For most of us who are offering business to business services, our face to face activity is like the action of a play. All of the written and online marketing activity we’ve been talking about is no more than the scenery. The play goes better in a good theatre with a good backdrop but you can still do it in the street. However if people check you out online – as they will- and there’s a good story to be found and some real evidence of substance – then your job will be so much easier.
Face to face is where most of the action happens. But there are two very different modes that we need to be fluent in. Networking and Sales – and they’re not the same thing at all.
Networking is where you find a “home team” who will support you, where you can learn from each other and who will refer and advocate your services to others. Those who see networking events as sales fodder to hand out business cards to and broadcast what they do miss the point. It’s about getting known, getting liked and getting trusted. It’s a 2-3 year process and can’t be hurried.
The evidence shows that most people prefer a group of 20-40 for their home team and that trust is built by
- absolute clarity about what you do
- getting back to people quickly
- contributing and listening rather than talking and selling
- having a positive can-do attitude
Networking is about reputation and lead generation – so it’s really part of marketing. It’s true that some people want to network on a very much larger scale.
Selling and Qualifying
Sales is where you stand or fall. People who’ve not worked in a professional sales structure often have odd ideas about it. The truth is you don’t need to bust a gut selling somebody something they don’t want.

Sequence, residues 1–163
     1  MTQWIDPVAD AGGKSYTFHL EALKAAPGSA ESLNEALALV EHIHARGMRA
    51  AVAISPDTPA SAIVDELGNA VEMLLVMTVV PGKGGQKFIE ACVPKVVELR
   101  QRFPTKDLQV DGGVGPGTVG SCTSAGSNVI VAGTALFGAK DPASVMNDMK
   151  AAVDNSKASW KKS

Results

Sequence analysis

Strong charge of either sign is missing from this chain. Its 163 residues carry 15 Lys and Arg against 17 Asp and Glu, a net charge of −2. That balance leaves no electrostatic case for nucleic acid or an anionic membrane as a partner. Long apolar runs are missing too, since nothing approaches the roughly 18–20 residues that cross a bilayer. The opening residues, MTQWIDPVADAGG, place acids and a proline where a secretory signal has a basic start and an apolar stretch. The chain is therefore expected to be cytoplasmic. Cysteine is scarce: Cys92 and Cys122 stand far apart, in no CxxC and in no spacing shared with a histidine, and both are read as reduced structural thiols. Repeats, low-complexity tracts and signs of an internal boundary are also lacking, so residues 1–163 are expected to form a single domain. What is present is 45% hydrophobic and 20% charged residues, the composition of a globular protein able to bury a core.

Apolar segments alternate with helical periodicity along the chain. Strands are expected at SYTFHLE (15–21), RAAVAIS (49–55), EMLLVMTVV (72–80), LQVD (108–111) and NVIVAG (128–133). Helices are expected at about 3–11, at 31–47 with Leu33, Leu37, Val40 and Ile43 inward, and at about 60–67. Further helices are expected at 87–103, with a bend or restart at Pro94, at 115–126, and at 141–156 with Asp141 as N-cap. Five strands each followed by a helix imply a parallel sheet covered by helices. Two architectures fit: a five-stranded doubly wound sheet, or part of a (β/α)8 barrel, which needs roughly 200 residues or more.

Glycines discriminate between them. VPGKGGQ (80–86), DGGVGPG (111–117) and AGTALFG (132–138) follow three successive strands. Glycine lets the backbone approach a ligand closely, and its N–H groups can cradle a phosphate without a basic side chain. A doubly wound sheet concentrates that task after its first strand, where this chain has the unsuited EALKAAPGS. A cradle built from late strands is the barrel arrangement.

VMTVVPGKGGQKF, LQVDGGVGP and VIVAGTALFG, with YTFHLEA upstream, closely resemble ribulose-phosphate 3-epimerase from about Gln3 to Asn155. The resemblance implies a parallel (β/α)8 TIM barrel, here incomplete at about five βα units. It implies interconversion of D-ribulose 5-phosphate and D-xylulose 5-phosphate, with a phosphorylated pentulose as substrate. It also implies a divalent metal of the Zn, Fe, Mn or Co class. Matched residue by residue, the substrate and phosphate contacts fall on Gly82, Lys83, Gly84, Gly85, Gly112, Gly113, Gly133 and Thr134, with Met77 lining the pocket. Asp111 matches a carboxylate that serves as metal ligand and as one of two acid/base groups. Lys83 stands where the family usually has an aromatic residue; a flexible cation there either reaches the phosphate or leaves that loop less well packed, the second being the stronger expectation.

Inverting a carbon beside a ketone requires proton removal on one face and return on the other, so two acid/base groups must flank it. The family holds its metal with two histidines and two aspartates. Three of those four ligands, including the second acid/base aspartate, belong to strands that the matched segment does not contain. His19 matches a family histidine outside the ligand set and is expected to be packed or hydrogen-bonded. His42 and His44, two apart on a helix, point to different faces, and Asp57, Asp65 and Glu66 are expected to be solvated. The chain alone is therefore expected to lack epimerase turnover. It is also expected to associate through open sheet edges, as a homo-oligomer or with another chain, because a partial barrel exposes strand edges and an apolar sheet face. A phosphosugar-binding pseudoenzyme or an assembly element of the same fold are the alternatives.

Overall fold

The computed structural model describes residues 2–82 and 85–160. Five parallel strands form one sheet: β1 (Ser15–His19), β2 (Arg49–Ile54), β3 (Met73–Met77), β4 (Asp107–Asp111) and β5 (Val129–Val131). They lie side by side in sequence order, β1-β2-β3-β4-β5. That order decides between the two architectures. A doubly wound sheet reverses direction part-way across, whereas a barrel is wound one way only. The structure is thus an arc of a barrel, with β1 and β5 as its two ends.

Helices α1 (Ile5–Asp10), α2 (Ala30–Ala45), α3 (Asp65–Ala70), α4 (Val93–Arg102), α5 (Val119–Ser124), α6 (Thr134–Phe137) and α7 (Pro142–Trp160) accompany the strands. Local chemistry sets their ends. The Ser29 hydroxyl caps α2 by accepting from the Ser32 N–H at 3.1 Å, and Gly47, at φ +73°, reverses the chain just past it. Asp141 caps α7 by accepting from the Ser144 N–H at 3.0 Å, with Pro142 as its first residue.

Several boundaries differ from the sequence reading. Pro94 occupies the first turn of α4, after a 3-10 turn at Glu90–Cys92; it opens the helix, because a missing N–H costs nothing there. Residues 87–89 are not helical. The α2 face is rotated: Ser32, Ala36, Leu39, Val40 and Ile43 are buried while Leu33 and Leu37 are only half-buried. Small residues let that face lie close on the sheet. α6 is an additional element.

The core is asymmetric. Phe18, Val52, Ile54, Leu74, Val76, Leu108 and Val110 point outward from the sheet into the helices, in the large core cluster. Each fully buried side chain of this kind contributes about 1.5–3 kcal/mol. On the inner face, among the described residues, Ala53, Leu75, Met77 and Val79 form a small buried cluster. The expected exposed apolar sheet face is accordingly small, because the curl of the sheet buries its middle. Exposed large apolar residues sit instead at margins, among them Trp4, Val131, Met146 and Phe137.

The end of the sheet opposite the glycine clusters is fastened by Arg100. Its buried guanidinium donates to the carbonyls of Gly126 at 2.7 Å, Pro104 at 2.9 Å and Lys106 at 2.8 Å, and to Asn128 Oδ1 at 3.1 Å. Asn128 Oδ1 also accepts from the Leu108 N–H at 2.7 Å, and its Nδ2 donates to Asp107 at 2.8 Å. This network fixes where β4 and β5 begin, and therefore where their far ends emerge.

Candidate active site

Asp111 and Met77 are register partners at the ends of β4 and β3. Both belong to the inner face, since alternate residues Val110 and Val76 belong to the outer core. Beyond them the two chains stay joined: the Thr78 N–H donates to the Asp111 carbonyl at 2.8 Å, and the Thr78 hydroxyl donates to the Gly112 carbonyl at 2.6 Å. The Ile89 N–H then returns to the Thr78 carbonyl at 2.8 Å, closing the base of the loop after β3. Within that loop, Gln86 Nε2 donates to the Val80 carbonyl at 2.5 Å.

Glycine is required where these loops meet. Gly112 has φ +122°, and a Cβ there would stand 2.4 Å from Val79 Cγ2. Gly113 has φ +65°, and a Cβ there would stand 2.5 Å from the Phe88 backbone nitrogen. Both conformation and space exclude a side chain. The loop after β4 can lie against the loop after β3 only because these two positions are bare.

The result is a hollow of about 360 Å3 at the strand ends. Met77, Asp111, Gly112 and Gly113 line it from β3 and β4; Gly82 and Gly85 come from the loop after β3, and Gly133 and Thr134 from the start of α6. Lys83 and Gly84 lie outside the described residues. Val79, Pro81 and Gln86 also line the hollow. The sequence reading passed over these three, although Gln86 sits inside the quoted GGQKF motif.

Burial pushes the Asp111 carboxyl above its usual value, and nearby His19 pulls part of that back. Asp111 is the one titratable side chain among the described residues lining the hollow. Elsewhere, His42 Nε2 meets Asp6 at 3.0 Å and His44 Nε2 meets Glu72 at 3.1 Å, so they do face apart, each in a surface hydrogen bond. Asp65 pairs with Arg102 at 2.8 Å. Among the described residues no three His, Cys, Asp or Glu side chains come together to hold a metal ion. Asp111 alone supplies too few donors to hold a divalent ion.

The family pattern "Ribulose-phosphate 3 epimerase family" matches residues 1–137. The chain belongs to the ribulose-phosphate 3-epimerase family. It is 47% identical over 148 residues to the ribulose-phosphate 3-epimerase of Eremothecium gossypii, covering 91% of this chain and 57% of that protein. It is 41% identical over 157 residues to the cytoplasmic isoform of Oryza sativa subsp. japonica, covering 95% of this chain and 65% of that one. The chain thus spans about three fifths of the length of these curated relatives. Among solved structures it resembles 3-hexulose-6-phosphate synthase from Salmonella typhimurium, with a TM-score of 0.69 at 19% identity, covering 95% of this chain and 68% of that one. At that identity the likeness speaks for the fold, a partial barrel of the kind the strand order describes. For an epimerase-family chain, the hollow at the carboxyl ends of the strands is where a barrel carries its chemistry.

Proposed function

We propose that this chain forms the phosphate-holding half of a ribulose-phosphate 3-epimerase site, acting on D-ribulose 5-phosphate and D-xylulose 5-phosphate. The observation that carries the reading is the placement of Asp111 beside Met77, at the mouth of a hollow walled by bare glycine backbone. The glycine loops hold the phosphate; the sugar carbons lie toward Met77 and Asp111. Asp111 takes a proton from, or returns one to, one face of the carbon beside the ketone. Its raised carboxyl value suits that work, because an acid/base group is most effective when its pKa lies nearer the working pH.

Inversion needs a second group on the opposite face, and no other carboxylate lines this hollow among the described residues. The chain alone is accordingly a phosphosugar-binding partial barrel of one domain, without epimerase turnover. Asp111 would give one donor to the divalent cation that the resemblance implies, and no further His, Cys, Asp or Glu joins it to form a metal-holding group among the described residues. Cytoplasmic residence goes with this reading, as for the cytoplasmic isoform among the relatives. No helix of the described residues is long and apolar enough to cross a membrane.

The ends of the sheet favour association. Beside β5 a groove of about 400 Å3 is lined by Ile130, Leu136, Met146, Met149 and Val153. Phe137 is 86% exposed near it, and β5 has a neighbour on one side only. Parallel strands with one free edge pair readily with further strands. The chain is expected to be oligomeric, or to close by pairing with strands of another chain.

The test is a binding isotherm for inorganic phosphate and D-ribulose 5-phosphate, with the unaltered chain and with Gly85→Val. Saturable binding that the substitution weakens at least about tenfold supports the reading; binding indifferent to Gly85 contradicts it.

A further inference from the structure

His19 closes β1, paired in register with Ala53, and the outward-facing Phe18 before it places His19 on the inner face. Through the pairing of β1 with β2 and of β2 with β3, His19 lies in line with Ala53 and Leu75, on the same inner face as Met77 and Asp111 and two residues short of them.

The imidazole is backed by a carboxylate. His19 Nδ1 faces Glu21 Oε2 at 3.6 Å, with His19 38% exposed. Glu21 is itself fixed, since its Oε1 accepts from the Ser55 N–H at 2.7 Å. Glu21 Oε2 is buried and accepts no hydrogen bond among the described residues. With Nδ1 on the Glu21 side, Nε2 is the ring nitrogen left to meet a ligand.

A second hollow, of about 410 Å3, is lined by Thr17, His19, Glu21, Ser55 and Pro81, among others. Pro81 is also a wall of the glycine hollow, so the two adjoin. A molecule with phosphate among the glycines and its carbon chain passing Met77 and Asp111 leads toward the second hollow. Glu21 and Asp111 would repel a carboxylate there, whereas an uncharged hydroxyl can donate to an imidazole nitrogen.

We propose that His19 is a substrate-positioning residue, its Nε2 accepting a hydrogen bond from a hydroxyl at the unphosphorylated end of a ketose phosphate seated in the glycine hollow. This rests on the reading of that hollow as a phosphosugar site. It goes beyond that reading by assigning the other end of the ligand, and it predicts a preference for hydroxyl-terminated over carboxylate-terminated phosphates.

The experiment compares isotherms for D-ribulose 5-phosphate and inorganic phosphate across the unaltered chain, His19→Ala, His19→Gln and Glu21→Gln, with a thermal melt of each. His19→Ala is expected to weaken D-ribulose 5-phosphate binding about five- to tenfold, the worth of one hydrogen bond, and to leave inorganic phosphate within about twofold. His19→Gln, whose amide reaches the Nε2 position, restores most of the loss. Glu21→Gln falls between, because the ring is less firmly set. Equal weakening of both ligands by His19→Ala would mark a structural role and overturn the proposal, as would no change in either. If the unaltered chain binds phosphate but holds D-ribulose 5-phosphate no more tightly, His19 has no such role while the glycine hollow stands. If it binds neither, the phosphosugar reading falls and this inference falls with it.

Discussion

The key to selling is qualification. You’re actually scanning for people who you can sell to – using criteria like
- Can we convince them we’re stable enough to trust us
- Have they got the money
- Am I talking to the right people – can they say yes – if he can who does he listen to
- Is the Pain they are suffering great enough to warrant the disruption of putting our solution in
- Can they see us as part of their future
- Can I give them permission to say yes?
It’s important to be confident, and to speak in their language. But if you have fully established that you can help them and they have the money then try the following approach
- Tell them up front that you’re here to sell to them if you can find agreement. And get them to agree to that.
- Keep the conversation focused on how what you will do will solve their problem in a lasting way
- Offer them 2 good choices, one of which is obviously better
- Ask for permission to get on with making the arrangements.
Then shut up.
Sales Systems are key
The difference between the amateur and the professional is system. You need to know what your conversion rate is for people who you get into the final negotiation stage. This tells you how many enco
unters you need per month (or year!). Then you need to know how many of the people that you are engaged with through newsletters and other marketing activity like workshops, exhibitions, or telemarketing will have a problem go critical on them so that they contact you each month. If they don’t appear you have to contact them
You need a system that engages enough interest so that when people meet you they’re already warm and you can have a sensible conversation. I’ve used the word “engaged” for someone who has enough interest in what you offer to agree to receive stuff from you. How the stages happen on the way to the “endgame” and whether you can respond to demand will tell you whether the business is scalable – or not.
You may be interested to know what your fellow small businesses do. Here’s the results from a survey we carried out last year which tells you what tools our predominantly business service respondents actually use. (They were recruited via BNI – a networking organisation and Ecademy and Linked-in)
|Technique||Use regularly||Depend on it||Total|
|One to One selling||43.4||30.8||74.2|
So you can see that face to face activities are very important to them. Workshops are important as are PR, online advertising and Email. However the early adopter we interviewed use the online media to good effect – they boost their lead generation by an estimated 40% by using social medial. We also found that those who get 80% of their business within a 50 mile radius are much less likely to use online media. In the group who operate on a more widespread basis, a full 40% reported depending on or using Linked-In regularly.